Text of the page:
By Jordan Puyear | firstname.lastname@example.org
As I was sitting there in front of the computer screen, I didn’t know what to expect from “Fuller House,” the spinoff of “Full House” revolving around the Tanner family 29 years later. Was it going to be disappointing, would it be so good that it would ruin Full House for me, what was going to happen? I clicked play and waited for the unknown, and then it happened …
“Fuller House” is absolutely amazing! However, it felt so strange the amount of nostalgia I felt and what it was like watching Full House at 9 years old and then watching “Fuller House” at 19. Many emotions were spiraling during that first episode, and I found that certain scenes, jokes and shots left you wanting to binge-watch the entire season.
First off, the title sequence threw me off. “Fuller House” used the original opening credits from “Full House” to introduce the show and explain to the audience that this is set 29 years later. At first, I thought my Netflix account was malfunctioning and somehow brought me to “Full House,” not “Fuller House.” Once I realized the smooth transition, I found that this was an authentic twist to introducing a spinoff. It was around five minutes in that the show’s new title sequence appeared. The sequence revealed original and currents photos of the main characters, while Carly Rae Jepsen’s “Everywhere You Look” played in the background (which is, by the way, super catchy). This led the camera to reveal the seemingly unchanged set of the original show, which already brought some feels to the surface.
It was then that all the original characters were introduced one by one. Each of the characters held the same style, comedic punch lines, and catchphrases which all led to many cheers from the audience throughout the episode. “Damn, we all still look good,” said Uncle Jesse, played by John Stamos. That line brought up the fact that most of the original cast members came back for this reboot. Speaking of “most of the original cast,” the only character that did not reprise their role was Michelle, played by Mary-Kate and Ashley Olsen. One of the most hilarious moments of the episode that, as a Media Studies major, was such a groundbreaking scene was when the characters were discussing the whereabouts of Michelle and how she is in New York running a fashion empire (which is what the Olsen twins actually do). During that scene, they all broke character and looked into the camera for a good ten seconds to make it clear that the Olsen twins did not return. That moment was so crazy to watch, I actually had to pause the episode as I took in what I just saw.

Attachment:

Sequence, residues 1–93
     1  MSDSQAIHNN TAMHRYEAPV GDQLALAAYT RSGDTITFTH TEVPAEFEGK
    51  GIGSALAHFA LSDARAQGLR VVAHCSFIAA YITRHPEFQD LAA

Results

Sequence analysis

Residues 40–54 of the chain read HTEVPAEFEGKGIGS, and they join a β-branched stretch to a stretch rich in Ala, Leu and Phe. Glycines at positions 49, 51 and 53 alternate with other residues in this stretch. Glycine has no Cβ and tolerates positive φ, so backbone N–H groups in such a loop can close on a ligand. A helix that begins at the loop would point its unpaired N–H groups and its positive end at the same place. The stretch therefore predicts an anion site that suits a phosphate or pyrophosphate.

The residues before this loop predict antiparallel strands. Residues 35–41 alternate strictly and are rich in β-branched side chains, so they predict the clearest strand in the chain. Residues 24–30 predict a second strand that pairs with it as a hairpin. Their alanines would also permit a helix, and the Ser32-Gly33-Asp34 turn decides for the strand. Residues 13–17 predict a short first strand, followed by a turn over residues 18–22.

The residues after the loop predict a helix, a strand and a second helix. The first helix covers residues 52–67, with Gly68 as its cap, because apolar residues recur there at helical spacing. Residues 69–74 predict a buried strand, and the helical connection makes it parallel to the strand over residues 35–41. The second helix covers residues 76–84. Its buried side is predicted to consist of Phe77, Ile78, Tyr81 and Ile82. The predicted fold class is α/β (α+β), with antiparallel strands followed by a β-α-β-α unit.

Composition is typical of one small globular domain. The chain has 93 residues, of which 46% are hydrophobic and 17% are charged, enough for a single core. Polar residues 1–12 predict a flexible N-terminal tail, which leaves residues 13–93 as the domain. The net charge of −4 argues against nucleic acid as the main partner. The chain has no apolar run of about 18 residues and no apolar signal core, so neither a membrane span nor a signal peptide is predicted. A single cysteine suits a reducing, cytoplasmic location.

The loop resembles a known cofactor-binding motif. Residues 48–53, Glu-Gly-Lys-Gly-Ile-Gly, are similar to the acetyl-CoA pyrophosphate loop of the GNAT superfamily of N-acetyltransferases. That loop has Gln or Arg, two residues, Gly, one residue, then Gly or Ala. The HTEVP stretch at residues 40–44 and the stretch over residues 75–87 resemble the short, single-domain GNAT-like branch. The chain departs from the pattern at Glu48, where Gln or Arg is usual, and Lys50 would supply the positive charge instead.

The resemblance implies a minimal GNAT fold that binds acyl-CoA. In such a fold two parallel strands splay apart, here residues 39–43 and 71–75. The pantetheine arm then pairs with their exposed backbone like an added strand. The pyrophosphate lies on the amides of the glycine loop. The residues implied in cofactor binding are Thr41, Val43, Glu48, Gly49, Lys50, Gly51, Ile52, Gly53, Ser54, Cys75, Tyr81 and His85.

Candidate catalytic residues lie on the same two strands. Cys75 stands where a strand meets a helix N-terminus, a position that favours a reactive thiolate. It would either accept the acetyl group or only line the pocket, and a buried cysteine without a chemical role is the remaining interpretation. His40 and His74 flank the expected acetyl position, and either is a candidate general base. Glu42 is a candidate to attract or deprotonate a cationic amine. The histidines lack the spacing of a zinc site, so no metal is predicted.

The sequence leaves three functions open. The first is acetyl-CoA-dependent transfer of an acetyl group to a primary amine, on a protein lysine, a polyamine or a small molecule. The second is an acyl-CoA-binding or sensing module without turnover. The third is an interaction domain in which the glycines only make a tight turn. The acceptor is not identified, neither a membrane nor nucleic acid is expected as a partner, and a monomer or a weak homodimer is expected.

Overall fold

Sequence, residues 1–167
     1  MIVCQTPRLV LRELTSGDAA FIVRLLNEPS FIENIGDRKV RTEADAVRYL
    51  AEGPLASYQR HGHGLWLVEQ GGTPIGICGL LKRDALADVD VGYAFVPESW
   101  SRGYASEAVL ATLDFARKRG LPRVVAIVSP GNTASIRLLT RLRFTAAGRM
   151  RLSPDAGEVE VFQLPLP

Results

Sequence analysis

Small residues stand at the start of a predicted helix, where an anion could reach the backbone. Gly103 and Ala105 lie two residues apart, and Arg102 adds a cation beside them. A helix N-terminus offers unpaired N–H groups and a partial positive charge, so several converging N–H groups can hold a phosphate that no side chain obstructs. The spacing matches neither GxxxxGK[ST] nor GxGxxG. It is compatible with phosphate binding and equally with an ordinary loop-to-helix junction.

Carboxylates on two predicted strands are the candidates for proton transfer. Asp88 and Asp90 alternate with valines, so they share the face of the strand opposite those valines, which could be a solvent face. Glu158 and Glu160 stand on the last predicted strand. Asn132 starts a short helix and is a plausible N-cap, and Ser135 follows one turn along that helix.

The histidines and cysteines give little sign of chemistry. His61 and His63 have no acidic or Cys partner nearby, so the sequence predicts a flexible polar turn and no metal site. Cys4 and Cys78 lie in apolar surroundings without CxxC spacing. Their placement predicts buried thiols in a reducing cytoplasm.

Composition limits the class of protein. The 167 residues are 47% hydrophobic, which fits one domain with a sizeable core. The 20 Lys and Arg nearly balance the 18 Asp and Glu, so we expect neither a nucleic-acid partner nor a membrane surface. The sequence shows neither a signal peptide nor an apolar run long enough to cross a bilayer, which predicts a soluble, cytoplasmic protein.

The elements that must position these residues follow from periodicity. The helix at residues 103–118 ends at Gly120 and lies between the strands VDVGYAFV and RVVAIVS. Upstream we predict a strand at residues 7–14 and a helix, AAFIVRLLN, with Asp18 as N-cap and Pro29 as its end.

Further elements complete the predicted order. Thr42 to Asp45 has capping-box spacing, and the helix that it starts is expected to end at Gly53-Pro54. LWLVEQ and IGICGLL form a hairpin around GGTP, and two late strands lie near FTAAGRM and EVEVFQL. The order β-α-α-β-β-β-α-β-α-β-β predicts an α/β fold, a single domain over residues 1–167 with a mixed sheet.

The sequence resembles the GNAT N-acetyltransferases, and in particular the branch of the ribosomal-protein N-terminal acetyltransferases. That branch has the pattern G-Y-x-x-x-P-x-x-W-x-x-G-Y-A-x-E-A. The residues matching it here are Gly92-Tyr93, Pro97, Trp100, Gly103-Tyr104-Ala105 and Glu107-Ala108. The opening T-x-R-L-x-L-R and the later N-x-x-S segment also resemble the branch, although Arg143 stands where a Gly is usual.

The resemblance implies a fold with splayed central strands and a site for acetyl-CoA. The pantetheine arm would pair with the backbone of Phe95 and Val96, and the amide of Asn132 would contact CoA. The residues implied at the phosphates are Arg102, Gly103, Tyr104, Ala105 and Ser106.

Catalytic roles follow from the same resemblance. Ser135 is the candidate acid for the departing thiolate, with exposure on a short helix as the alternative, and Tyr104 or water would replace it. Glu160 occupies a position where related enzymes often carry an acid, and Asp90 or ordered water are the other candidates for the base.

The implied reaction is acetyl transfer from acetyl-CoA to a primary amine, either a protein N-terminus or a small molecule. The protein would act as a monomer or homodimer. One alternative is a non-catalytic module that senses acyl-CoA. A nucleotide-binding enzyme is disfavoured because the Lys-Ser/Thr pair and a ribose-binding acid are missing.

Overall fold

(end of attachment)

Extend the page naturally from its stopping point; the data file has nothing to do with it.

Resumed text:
What was especially interesting to watch was seeing where all of the characters have ended up. DJ is a widow and has three young boys, Stephanie is a world traveling DJ with no children, Kimmy has a young daughter and runs a party planning business, Danny and Becky have a new talk show in California, Jesse is a music composer for General Hospital, Joey has a comedy show is Las Vegas, and Steve is a divorced pediatrician. Another shocking point of “Fuller House” is that not all of the characters are regulars for the series. It hit me around the middle of the episode that “Fuller House” would mainly focus on DJ, Stephanie, and Kimmy and their struggles with parenting. While it did make me sad that the show was losing most of it vital characters, this new concept was modernizing and truly made it similar to the original, whereas instead of three guys trying to figure out parenting, it is three women.
Finally, the one moment that almost brought me to tears was when Tommy, DJ’s baby boy, started crying in his crib. A split screen showed the original scene of the characters singing “The Flintstones Theme” to Michelle, and the current characters singing the same song to Tommy. The scene was both nostalgic and extremely well done. After most of the characters left. DJ, Stephanie, Kimmy, and their children gathered around to sing the theme song again, signaling a new tradition.
All in all, if you are a fan of Full House, you will fall in love with “Fuller House.”
10 out of 10, would recommend.